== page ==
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Old 07-30-2006, 12:00 AM
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AndyW
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Join Date: Jan 2003
Location: Timmins, ON, CANADA
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Default Substitute for Ether

After extensive R & D, we finally have a substitute for ether. That substitute is none. No, I don't mean that there is no substitute, that means that ether is NOT essential as an ingredient in diesel fuel for model engines.

Go to http://www.youtube.com/profile_videos?user=hopeso

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Success with the 5% ether fuel led me to try a fuel containing no ether at all. This consisted of 20% castor, 80% kerosene and 2% Amsoil cetane booster. Yes, this doesn't add up but describing it this way makes it easier to visualize the percentages. Unfortunately, I didn't take note of the compression and needle setting from the 5% run but with a little persistence, the engine lit off and ran. It took maximum compression and a needle valve a half turn richer to get it going. How? I made up a PRIME mix of 50% ether, 30% kero and 20% oil.

It took 5 to 6 prime bursts until the engine's cylinder got hot enough to allow a rough run. As the cylinder warmed, the compression was backed off giving an increase in power. The needle was then turned in and the compression brought in a bit.

The result is a nice, solid run as you see. Power is on par with fuel containing ether in whatever percentages. The ONLY issue with a no ether fuel was getting the engine hot enough to run.

Also, idle and transition became a little spotty. Still, the idle held and no flame out resulted from cracking the throttle open. It appears to go rich at idle even with the airbleed screw backed off all the way. Modifications to the throttle to allow for a leaner idle will be applied.

As in all cases, a start was affected by applying three to four drops of prime into the intake. Then the starter was applied. Again, the prime was a special HIGH ether mix.


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Next was an attempt to eliminate the need for a relatively special oil that might not be readily available. Fuel was 20% #50 weight motor oil, 80% kerosene and 2% Amsoil cetane booster.

In this case, the engine would NOT start even with a dozen or more prime runs. What it took to get it to keep running after a prime burst was to FIRST heat up the engine with a heat gun. That did the trick, a prime burst or three and the engine caught and kept going. The compression screw, once again, was to the max and the needle was backed off a half turn.

Power is down from the castor/Amsoil mix. Could it be that the superior lubricity of castor enhances power? Could it also be that the superior lubricity and subsequent better compression seal of castor oil made starting more easily accomplished?

Idle and transition was on par with the first, no ether fuel.


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Finally, here was an attempt to get a diesel to run on ingredients you can find at your hardware store and/or your automotive outlet. No need to order the Castor or the Amsoil cetane booster. Here we had a mix of 20% #50 weight motor oil, 80% kerosene and 2% MEKP.

As with the Amsoil mix, it required the assistance of the heat gun to get a prime burst or three or four to get a run that held. Again, the compression screw needed to be backed off and the needle dialled in. In this case, with the MEKP as an ignition improver, the compression needed to be a bit tighter to get a good run. And, starting was a bit harder.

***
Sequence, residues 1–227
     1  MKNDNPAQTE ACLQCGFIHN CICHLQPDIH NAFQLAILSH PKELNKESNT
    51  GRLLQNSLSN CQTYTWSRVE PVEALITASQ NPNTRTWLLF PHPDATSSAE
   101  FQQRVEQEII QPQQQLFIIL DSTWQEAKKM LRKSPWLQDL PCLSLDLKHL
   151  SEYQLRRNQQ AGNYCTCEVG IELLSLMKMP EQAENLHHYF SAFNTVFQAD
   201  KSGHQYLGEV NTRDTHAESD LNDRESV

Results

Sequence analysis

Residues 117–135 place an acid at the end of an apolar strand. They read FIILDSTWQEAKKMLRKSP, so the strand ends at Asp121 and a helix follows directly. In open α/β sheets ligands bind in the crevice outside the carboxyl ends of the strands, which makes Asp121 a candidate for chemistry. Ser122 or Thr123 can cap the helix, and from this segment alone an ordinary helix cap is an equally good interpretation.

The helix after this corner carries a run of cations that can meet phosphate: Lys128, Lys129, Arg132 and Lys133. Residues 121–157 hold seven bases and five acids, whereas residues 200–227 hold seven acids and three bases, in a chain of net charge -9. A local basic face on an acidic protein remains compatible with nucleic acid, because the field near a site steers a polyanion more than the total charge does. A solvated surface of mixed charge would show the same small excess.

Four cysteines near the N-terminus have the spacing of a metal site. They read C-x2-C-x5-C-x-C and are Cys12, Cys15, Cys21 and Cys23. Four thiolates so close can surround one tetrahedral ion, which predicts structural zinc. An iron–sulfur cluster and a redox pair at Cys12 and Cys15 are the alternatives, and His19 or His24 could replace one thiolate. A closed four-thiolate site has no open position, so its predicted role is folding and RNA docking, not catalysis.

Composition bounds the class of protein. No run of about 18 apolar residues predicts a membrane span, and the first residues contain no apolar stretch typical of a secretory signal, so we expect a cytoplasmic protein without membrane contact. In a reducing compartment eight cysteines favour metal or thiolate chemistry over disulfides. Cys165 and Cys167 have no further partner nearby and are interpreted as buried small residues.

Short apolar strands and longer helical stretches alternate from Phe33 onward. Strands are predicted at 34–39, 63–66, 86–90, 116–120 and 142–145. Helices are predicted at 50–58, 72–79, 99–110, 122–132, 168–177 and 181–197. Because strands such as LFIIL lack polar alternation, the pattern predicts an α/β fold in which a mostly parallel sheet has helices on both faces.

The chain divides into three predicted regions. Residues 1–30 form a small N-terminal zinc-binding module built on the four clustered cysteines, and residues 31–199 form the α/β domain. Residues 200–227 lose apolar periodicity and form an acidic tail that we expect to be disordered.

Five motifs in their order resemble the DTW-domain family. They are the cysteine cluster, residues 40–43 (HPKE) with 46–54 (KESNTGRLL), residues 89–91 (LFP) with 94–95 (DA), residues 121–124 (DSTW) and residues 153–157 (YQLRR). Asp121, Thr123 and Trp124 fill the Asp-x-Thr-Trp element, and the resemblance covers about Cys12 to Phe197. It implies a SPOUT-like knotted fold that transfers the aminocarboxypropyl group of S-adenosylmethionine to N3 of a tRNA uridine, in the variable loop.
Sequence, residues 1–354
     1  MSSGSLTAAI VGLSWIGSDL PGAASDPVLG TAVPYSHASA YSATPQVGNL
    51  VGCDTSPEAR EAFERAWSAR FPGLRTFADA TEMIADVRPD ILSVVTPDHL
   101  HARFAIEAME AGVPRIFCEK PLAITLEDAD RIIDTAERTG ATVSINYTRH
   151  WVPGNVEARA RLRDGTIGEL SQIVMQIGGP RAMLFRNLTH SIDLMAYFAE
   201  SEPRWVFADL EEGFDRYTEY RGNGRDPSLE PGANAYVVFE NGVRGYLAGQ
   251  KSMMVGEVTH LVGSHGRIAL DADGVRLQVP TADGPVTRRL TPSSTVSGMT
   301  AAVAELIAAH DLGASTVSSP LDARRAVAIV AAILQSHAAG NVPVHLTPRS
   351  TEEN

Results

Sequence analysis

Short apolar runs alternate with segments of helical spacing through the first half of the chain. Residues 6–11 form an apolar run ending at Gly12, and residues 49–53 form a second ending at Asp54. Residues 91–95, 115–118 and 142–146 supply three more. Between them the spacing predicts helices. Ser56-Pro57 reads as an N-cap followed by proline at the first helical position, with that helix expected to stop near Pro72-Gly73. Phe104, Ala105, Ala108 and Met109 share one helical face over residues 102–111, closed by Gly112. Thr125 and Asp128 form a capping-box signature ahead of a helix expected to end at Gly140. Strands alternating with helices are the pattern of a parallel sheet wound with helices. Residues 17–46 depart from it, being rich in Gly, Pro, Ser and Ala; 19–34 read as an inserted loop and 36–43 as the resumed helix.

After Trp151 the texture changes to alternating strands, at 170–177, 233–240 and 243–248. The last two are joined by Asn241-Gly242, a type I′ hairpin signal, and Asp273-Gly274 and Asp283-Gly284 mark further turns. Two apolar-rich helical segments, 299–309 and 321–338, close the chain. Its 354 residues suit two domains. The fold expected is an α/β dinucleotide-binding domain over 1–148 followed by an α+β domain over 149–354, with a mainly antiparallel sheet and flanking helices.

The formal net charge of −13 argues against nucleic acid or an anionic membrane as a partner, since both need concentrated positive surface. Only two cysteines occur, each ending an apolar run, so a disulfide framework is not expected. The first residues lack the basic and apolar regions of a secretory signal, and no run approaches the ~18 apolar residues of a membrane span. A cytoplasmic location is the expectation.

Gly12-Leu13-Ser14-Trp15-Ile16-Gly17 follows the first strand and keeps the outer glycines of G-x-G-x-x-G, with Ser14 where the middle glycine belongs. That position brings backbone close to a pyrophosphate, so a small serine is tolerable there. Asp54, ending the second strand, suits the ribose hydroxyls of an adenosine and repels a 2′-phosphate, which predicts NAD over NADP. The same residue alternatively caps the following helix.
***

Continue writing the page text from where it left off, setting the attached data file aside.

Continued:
The conclusion is that Amsoil is a better ignition promoter than the MEKP. Still the latter does work well on a fuel containing the usual, substantial amount of ether.

As with the other two, no ether fuels, idle and transition was less than the best but was acceptable. Likely to be improved with some throttle modifications to allow for a leaner adjustment at idle.


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Amazingly, despite all that is known about model diesel engines, this Norvel ran with NO ether in the fuel. None, whatsoever. Once running, as the engine came up to operating temperature, the engine ran well. I have no temperature gauge but subjectively, the engine seemed to run hotter than with glow or with an ether based fuel. Not so hot though, as to exhibit any overheating symptoms. In any case, the Norvels have significantly more cooling fin area than most engines. The next experiment will be to turn down the fins to see if the need to apply the heat gun and/or the tighter compression to start can be minimized or eliminated. Diesels, after all, are said to NEED heat to run and this experiment certainly seems to prove that out.

I propose a challenge to all. If you have a Norvel .15 converted to diesel, give this a try. If you have an MVVS .15 or a converted .15 whatever, and if you are adventurous, curious, and dislike paradigms, give it a try and let us know how you make out. Do use a small starter and ONLY prime into the intake. Cinch up the compression to start, with the needle out a bit. Back off the compression right away as needed. Max out the needle and observe throttling performance. If no starts can be affected with just prime runs, do apply the heat gun,,, as hot as it'll get. Give yourself the best chance by using castor and the Amsoil or, if your lucky enough to have it, real amyl nitrate.

Again, there may be something unique to a Norvel engine's metallurgy that enhances its ability to perform as a diesel. On the smaller engines, though, low ether mixes were tried with poor performance overall. The larger engines seem more tolerant to low or no ether.

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